You have worked hard researching opportunities and sending out résumés. Because of your great efforts in personal branding, you’ve been called in for a face-to-face job interview. Congratulations!
This is an important next step in your job hunt. It’s also your only chance to make a lasting first impression. On the day of your interview, clammy palms and butterflies in your stomach are to be expected, even for the most seasoned business professional. But you can reduce your stress level by adequate interview prep and knowing some mistakes that interviewees tend to make. By knowing these mistakes, you will also know how to avoid them. Here are seven crucial mistakes to avoid during a face-to-face interview:
At the upper echelons of business, it is a necessity to have a keen understanding of what is going on within the industry that the company operates within. A strong interviewee must be able to discuss commerce trends and major events and unique challenges that the business has faced or should be prepared to face in the near future. Be prepared with facts, figures, and more than general insight into industry themes and topics, and how you can use these to drive business solutions.
No matter how well you do in an interview, arriving more than a few minutes late can have a detrimental impact on a hiring manager’s impression of you. You may come across as ill-disciplined, or unenthusiastic about the company. Ultimately, this can influence your likelihood of obtaining the position.In other words, avoid being late at all costs!
Plan to take special measures to insure that you will arrive on time. This may require waking up earlier, leaving earlier in the day to avoid traffic, or re-scheduling other duties you have on your docket for that day.
Leaving your cellphone on
By now, we should all recognize the logic of not wanting one’s cellphone to ring during an interview. But simply putting your phone to silent mode is not enough during an interview. Hiring managers can hear vibrations if it were to go off in your pocket, briefcase, or suit pocket. While not an egregious as a ringing sound, this alone can make a difference and can interrupt the interview process. Shut your phone off completely, and perhaps leave it in your car or anywhere outside of the interview location, just in case.
While it can depend on the job sector or the individual organization, the general principle for attire is formal clothing. First impressions are vital and demonstrate how seriously you are taking this potential opportunity. If you turn up in a shabbily put-together suit- or worse, in no suit at all- you shouldn’t expect a warm welcome and the full attention of hiring personnel.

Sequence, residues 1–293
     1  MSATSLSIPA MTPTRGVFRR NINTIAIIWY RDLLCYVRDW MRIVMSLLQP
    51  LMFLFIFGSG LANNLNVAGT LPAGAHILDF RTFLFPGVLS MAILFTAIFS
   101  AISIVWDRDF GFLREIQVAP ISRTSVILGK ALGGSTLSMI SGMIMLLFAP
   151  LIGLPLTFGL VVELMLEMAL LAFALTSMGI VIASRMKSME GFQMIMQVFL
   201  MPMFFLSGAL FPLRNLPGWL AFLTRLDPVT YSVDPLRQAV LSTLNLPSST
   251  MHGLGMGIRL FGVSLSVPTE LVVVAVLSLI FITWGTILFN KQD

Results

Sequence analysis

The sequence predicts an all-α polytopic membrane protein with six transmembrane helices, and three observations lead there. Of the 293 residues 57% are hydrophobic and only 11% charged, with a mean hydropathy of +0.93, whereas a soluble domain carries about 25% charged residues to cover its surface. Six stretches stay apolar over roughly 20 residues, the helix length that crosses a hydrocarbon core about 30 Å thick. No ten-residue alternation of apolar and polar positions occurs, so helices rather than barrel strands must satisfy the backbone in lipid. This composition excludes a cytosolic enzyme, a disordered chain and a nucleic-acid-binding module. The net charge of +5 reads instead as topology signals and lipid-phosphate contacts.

The best advice is to always take a conservative approach while still being well groomed. Polished shoes and starched shirts should be staples of your attire. You need to fit into a commercial, professional environment, which sometimes means you need to be willing to sacrifice your preferences of fashion for the job.
Along with the clothing itself, your professional appearance can be diminished with too much cologne or perfume. Some individuals can be sensitive to certain smells, or they can possess negative associations with certain scents. If you elect to use such products, be sure to use these sparingly.
Forgetting to be Courteous
Body language, personality expression, and manners in a face-to-face interview are essential. It is important to recognize that employers generally do not always hire the most skilled or best educated candidate. Instead, many employers hire the candidate who has the best personality and “team fit” to what the organization already is. Therefore, a firm handshake, appropriate eye contact, a genuine smile, appropriate laughter, and a relaxed, engaged demeanor are other important appearance factors to keep in mind.
Asking no questions
An interview isn’t just about why your experiences and business acumen can be applied to the role in question. It’s also a test of your interest in the position. Asking questions demonstrates your enthusiasm in joining the organization and being an immediate asset- which will strengthen your credibility as a candidate. Not asking questions can be taken as a sign that you are not interested, or that you are not an analytical thinker capable of the responsibilities required.
But be careful: asking questions about things you should already know can demonstrate a lack of research. One question that you could always ask is how a current affairs issue might affect their business. This sort of inquiry demonstrates that you’ve given the company serious thought.
Speaking badly about your former/ current employer
Aim to not bring any negativity into the interview. Honest but careless confessions of the faults of other employers can signify to employers that you may lack a diplomatic touch, which could lead to inter-office conflicts and unnecessary hostilities. When faced with the challenging prospect of discussing previous employment, you should be ready to add a positive spin on even the most reasonable of grievances.
Sometimes even the most basic mistakes are easily forgotten as an executive. If you need help securing an interview, upload your CV below and one of our senior relationship managers will be in touch to discuss your job search strategy.